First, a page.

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New Year’s Bantering: transactions and some chaos theory

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2017 has began as 2016 went out, with the Hot Stove stone cold. This despite, as MLBTR notes, that there's an abnormally high number of free agents unsigned who should sign major league deals. That should start to change soon with just 42 or 43 days until pitchers and catchers report, and of course the Blue Jays still have some work left.

But we've probably still got some time to wait. The first significant move in 2016 came on January 8th, when the Jays acquired Drew Storen for Ben Revere (with respect to Arnold Leon, who was purchased on January 5th). The last transaction to occur on January 2nd was in 2013, when the Jays lost Russ Canzler on waivers to Cleveland, ending his memorable 12 day tenure after he was claimed from Cleveland (Cleveland lost him to the Yankees two days later, who had him for a month before losing him to Baltimore...poor guy was passed around like a hot potato).

The most significant early year transaction in recent Blue Jays history came back in 2012, when Alex Anthopoulos rang in the New Year by acquiring Jason Frasor from the Chicago White Sox in exchange for prospects Myles Jaye and Daniel Webb. Frasor has been traded to Chicago at the 2011 trade deadline as part of the Colby Rasmus machinations, days after passing Duane Ward for the franchise's all-time pitcher appearances record.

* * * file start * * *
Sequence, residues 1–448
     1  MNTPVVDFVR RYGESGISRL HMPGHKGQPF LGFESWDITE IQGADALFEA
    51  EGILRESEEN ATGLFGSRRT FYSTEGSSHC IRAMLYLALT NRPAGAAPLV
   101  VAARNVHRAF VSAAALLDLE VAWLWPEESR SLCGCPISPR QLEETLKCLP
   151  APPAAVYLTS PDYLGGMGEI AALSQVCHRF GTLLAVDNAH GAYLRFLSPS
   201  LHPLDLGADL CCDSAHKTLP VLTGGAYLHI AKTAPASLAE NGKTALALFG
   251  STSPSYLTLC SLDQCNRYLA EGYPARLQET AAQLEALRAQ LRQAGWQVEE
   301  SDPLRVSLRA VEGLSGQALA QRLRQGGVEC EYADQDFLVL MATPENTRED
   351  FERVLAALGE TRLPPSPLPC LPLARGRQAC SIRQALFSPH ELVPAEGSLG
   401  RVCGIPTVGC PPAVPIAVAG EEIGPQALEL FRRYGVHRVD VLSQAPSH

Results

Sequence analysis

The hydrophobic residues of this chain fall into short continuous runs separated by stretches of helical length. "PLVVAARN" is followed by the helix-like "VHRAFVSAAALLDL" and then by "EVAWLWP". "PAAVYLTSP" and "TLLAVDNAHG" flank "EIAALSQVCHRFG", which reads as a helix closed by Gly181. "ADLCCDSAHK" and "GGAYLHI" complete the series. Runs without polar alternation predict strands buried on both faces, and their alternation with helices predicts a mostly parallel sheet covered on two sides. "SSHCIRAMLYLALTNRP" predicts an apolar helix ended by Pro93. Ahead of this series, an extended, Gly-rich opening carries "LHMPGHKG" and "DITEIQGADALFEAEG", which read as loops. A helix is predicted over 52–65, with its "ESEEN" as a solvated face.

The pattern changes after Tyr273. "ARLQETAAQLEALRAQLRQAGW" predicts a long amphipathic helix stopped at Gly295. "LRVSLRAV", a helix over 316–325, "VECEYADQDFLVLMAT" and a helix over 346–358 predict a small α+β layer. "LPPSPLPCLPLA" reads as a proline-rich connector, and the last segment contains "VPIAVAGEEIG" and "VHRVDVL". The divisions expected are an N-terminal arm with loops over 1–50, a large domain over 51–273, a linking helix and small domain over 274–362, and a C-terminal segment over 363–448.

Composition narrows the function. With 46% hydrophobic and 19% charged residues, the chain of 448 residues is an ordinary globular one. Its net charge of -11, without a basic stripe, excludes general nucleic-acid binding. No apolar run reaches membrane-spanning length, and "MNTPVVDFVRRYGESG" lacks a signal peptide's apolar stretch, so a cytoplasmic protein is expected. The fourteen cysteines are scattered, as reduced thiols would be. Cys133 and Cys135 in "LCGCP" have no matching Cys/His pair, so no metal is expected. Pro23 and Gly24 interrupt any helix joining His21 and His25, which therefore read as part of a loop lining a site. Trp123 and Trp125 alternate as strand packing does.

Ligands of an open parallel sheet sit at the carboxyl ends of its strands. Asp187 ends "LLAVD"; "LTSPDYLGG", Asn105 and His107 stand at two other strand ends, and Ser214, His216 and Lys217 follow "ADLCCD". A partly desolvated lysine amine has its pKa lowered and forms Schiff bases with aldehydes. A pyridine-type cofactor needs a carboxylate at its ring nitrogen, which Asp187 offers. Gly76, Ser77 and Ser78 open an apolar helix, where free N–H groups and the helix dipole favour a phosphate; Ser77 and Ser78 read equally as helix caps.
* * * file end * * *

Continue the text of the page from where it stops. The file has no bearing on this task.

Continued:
Interestingly, this was only possible because of the now-abolished Type A/B free agent compensation system that was in its last year of existence in the 2010-11 offseason when Frasor was a free agent. He was a Type A, and no teams were going to give up a first round pick for a good middle reliever, so Frasor accepted the Jays offer of salary arbitration and signed a one-year deal with a 2012 option that the White Sox picked up.